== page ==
Commercial Whaling Under Guise of Subsistence Hunt

by Toni Frohoff, Ph.D.

By the time you read this story, Makah tribal whalers in Neah Bay, Washington, may have already killed the first of up to four gray whales which the US government claims they can kill each year of the next five years. The Makah can also "strike" up to 33 whales during this time but not land all of them on shore, potentially leaving wounded or dead whales at sea. The Makah treaty with the US states that the Makah have the right to hunt whales "in common with all citizens of the United States". However, Makah whaling will not be conducted "in common" with the people of US as other US citizens no longer have the right to whale. Furthermore, a notable number of other countries claim that international law will be broken by this hunt because the US government erroneously interpreted that Makah have a right to whale under the International Whaling Commission (IWC) decision despite the fact that the IWC has never recognized the Makah as subsistence whalers.

This issue is not one of a conflict between animals rights versus native rights. Most environmental Non-Governmental Organizations do not oppose true subsistence whaling conducted by other indigenous people with authentic nutritional and cultural subsistence needs. Opposition to the Makah hunt is based on several reasons, principal among which is that the hunt is not necessary for the survival of the Makah people, and therefore would not be a true subsistence hunt under international law. Specifically, the Makah cannot satisfy the most important criteria for aboriginal subsistence whaling as required by the IWC and as demonstrated by other subsistence whalers.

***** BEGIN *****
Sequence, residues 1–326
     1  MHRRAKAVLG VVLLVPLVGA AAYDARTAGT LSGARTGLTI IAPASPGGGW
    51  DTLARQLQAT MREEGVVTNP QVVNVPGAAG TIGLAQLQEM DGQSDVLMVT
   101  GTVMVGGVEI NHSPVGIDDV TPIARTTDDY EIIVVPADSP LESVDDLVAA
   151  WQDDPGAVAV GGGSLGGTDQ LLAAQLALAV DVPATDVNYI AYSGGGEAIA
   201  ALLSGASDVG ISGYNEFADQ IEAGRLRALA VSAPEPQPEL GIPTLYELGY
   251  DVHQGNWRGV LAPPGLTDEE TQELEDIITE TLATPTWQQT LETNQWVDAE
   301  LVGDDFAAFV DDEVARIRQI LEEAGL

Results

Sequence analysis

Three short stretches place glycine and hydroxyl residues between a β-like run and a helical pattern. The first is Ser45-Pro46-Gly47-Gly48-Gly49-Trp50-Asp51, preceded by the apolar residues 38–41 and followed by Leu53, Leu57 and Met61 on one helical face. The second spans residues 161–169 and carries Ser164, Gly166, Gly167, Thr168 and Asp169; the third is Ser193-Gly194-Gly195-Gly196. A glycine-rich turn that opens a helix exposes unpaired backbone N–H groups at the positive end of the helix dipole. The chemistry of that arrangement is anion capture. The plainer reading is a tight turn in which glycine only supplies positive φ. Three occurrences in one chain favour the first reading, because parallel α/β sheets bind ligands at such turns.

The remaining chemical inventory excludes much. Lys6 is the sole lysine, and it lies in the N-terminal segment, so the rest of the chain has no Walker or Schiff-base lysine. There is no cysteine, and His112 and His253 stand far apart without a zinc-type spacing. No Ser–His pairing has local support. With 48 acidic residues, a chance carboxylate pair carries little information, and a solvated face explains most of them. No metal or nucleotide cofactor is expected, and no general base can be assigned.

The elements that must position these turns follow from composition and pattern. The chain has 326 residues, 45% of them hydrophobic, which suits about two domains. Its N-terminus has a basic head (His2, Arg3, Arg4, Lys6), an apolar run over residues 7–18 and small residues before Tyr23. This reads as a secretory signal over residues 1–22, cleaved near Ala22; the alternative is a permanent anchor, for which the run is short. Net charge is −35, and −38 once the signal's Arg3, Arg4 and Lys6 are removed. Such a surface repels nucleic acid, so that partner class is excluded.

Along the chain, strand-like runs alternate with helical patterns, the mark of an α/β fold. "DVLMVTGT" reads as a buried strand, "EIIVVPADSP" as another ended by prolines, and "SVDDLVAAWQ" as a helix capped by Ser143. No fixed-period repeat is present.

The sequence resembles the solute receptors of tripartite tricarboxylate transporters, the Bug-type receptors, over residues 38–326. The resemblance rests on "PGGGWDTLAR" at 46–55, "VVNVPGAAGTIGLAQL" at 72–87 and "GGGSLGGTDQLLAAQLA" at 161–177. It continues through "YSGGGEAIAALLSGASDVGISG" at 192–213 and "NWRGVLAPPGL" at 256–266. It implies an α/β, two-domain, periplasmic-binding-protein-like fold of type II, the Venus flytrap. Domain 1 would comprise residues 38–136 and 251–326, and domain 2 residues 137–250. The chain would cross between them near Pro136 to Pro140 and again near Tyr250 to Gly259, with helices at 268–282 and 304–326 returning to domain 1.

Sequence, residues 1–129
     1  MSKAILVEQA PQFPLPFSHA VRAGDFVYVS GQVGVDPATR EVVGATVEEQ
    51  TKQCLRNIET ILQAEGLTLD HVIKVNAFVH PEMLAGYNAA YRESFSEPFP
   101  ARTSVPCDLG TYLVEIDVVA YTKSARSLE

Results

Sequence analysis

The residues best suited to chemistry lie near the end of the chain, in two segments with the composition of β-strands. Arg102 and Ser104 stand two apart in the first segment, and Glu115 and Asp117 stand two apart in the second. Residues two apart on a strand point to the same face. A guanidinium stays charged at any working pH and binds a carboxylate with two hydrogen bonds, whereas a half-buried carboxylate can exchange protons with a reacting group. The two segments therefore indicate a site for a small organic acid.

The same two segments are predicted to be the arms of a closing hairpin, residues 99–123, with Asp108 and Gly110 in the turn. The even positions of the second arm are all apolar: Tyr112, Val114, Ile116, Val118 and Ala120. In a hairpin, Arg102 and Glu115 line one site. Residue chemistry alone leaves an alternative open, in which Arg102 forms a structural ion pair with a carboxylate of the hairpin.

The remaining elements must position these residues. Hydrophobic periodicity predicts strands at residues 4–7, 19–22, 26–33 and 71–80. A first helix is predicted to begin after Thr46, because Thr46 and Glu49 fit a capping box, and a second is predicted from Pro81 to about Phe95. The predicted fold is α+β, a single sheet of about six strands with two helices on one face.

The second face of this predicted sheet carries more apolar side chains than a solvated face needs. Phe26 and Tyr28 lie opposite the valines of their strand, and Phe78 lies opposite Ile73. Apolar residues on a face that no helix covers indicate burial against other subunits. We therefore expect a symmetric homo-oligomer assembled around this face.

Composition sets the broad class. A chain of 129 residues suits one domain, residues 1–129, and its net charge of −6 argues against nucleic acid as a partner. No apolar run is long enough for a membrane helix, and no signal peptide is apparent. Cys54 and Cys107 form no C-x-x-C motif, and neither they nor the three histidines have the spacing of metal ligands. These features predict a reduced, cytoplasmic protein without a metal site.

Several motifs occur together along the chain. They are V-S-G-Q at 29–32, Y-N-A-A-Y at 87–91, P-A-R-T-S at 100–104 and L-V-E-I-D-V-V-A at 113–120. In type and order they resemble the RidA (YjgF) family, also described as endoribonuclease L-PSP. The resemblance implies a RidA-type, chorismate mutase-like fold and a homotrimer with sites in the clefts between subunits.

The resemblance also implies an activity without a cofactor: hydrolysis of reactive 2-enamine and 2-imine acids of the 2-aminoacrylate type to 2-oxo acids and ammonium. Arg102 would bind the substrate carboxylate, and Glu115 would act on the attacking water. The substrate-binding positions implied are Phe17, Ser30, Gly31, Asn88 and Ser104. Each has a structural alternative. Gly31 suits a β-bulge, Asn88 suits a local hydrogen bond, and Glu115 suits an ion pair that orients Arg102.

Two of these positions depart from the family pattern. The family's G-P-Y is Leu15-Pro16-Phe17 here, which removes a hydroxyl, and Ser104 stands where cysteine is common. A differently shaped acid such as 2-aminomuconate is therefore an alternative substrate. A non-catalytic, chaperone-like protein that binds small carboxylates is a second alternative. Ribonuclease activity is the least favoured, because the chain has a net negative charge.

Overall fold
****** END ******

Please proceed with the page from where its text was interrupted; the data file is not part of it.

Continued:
The exploitive nature of the hunt was made clear in a recent memo obtained from the US National Marine Fisheries Service which stated, "The Makah intend to harvest gray whales (starting in 1995), harbor seals (5 already taken), California sea lions, minke whales, small cetaceans such as harbor porpoise and Dall's porpoise, and, potentially, in the future, sea otters. The Makah are planning to operate a processing plant so as to sell to markets outside the U.S. The Makah have started discussions with Japan and Norway about selling their whale products to both countries" [1 - footnote].

The Makah themselves are clearly not united in the desire to resume whaling. On the contrary, a notable number of Makah people, including over half a dozen elders (some from traditional whaling families), have actively and publicly opposed the hunt. Unfortunately, many of these people have since been silenced through intimidation, harassment, and threats to personal safety, family, and property by pro-whaling Makah people, some in powerful government positions. One elder was recently fired from her job at the Tribal Senior Center because of her involvement with anti-whalers.

The whales the Makah hunt today will not be the same whales which the Makah's ancestors hunted a century ago. Today's gray whales are accustomed to boats, even allowing some whale watchers to "pet" them. These whales will be "sitting ducks" for whalers, who unlike their ancestors, will be killing in the absence of a nutritional need for whale meat.

EII and other organizations have been working with the Makah to promote educational whale watching trips to provide income to the tride and to showcase the spectacular sea and landscapes of Neah Bay at the tip of the Olympic Peninsula.

What you can do: Write to President Clinton, The White House, 1600 Pennsylvania Ave., NW, Washington, DC 20500. For updates, go to


International Marine Mammal Project
300 Broadway, suite 28    San Francisco, CA  94133
or fax 415/788-7324